Women workers are battling for equality at work on several fronts.
A succession of protest demos have been staged by members of Unison and GMB unions at Glasgow city council, demanding immediate action on Pay Justice by the new SNP council.
Women working for the council and its arms-length offshoots (ALEOs) have fought for equal pay for equal work for the past 12 years. They are demanding an end to the outrageous pay gap, mostly derived from some occupations being treated as 'women's work' - such as homecare, cleaning, administration, schools, libraries and catering. With this gendered branding comes lower grades and lower pay.
Decade of Delay
A Single Status Agreement was signed between Scottish councils and unions about 11 years ago, supposedly guaranteeing an end to this discrimination, by unifying grades for equal skills, regardless of gender.
Disgracefully, over a decade of union struggle has been required to force councils to implement this.
Many workers due compensation have since died, or moved out of jobs with the council, as the lawyers rake in fees from legal wrangling by councils.
There are still over 27,000 Scottish council workers with unresolved claims for equal pay, and compensation for historic daylight robbery. The outstanding bill is estimated to be £750million. 90% of the workers involved are women.Glasgow city council makes up a huge share of this pay gap: 11,000 workers still owed a total of about £500million!
The previous Labour council scandalously dragged its feet, dodged paying up, using countless legal delaying tactics.
Labour - now SNP - Delaying Tactics
In last May's council elections, the SNP made a big play of their promises to immediately implement equal pay, and won considerable voters' support through this.
The Unison and GMB demos have been demanding 'No Delay, Equal Pay', now the SNP have been in charge a clear six months.
Alarmingly, after their manifesto promises to the contrary, the SNP council has still not taken any concrete steps to speed up payment of this scandalous debt to workers. In fact, the one and only step so far by the SNP administration has been to seek 'leave to appeal' against the Supreme Court ruling in favour of equal pay settlements, in the case pursued by Unison on behalf of their 6,000 members amongst the 11,000 city council and ALEOs staff involved. Different political party, more delaying tactics!
Some of the key messages from the women leading the lobbies of the council recently are that equal pay should mean equalizing upwards, not downwards - raising the pay of women-dominated jobs, not cutting the pay of male-dominated sectors.
Likewise, that equal pay should not be funded out of job losses or cuts to services - including to the (often vulnerable) clients many of them provide lifeline services to.
Demand No Cuts Budgets
This raises the issue consistently fought for by the SSP: the demand that both the Scottish government and all 32 local councils should refuse to pass on funding cuts issued by Westminster or Holyrood. To instead set No Cuts Budgets and join workers and communities in a massive campaign to win back some of the £billions stolen off Scotland and local communities by successive central governments, to fund equal pay, expanded services, and job security.
March of the Mummies
Meantime, on Halloween, a set of women workers used a humorous means to deliver a deadly serious message. The March of the Mummies, in several UK cities including Glasgow, saw women marching in bloody bandages like the 'walking dead' version of mummies, demanding an end to the discrimination and mistreatment at work suffered by pregnant women and new mothers.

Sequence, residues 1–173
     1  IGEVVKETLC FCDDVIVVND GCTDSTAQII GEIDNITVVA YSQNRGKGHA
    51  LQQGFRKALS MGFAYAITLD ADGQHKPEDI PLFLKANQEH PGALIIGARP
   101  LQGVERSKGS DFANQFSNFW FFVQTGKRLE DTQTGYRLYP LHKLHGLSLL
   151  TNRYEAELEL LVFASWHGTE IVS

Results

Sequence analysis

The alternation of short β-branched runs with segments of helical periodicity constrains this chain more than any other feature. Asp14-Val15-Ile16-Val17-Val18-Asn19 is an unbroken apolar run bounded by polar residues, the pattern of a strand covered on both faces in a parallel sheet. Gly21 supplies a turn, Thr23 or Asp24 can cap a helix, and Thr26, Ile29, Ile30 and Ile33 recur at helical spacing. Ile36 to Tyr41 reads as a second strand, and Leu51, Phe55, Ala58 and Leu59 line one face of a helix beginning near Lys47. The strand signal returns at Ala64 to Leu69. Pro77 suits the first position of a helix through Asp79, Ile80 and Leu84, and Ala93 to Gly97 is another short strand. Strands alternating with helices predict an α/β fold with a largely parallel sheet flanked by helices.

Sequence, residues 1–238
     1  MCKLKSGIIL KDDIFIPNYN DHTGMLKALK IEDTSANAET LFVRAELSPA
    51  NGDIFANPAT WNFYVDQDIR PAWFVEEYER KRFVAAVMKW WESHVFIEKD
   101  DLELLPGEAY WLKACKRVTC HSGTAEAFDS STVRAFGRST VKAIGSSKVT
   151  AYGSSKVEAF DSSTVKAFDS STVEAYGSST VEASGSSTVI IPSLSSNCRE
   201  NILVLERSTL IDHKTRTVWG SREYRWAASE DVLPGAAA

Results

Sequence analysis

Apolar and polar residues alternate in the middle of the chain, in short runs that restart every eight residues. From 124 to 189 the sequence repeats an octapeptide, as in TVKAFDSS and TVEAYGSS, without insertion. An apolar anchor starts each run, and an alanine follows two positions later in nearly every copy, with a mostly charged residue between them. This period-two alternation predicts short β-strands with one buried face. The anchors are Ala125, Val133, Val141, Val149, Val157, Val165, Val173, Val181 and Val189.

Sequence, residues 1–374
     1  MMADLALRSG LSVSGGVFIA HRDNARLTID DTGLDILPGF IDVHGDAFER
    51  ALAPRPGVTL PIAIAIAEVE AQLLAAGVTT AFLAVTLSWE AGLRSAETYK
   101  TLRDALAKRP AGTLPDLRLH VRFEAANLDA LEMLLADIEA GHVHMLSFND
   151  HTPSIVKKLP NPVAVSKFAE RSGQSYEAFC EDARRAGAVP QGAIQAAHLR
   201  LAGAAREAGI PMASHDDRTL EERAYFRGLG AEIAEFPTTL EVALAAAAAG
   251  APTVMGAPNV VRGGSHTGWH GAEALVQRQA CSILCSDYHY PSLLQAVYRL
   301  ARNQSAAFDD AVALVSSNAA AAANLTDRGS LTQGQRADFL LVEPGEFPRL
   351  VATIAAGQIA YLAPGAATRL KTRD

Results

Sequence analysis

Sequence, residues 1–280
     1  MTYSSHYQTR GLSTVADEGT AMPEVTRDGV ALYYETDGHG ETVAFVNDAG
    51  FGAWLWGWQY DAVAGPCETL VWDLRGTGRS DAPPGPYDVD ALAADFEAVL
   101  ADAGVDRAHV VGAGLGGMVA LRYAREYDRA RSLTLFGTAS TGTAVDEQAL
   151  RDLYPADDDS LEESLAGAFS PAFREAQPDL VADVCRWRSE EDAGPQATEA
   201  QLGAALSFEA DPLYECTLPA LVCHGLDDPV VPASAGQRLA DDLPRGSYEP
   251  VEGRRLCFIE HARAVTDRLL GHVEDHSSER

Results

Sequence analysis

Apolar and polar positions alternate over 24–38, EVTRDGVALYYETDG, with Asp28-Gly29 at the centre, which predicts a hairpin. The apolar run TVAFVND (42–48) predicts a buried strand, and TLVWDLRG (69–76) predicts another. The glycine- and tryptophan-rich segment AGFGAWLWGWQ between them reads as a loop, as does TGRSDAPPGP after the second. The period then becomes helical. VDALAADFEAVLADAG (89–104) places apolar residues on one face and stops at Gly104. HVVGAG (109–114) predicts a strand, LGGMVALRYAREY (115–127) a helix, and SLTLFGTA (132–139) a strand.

The 2015 Report by the Equality and Human Rights Commission discovered one in nine new mothers said they had been forced out of their job due to pregnancy; an appalling total of 54,000 a year.
An astonishing 77% of working mothers reported negative or discriminatory treatment by their employers.
A full 40% of employers had the gall to admit they would avoid hiring a woman of childbearing age. All this in the 21st century!
Pregnant then Screwed
The March of the Mummies was organised by campaign group 'Pregnant then Screwed', which helps women tell their stories of pregnancy and maternity discrimination, and campaigns for a package of measures currently being pushed as an Early Day Motion at Westminster.
These demands include extension of the time limit for raising Employment Tribunal discrimination cases from 3 months to at least 6 months. A demand entirely justified by the fact only 1% of women facing such discrimination have pursued Tribunal cases - in part, no doubt, because 80% of women in a survey by the Royal College of Obstetricians and Gynaecologists admitted to having had at least one mental health episode during or immediately after pregnancy.
The campaigners are also demanding 6 weeks paternity leave for Dads, on 90% salary; a requirement that employers report how many Flexible Working requests were made and how many granted; extension of statutory shared parental pay to the self-employed; and state subsidies for childcare from the age of 6 months, instead of the current 3 years.
SSP Demand Equality
The SSP has a proud record of demanding and campaigning for equal pay for women; at least 12 months' maternity and one month's paternity leave, on 100% of pay; and a massive investment in free pre-school nurseries and workplace crèches.
The trade unions should take up these issues vigorously, and demand changes to the feeble employment laws that guarantee the right to apply for flexible working, but with absolutely no guarantee of getting it, when employers merely have to say 'No' on the flimsiest grounds of 'business needs'.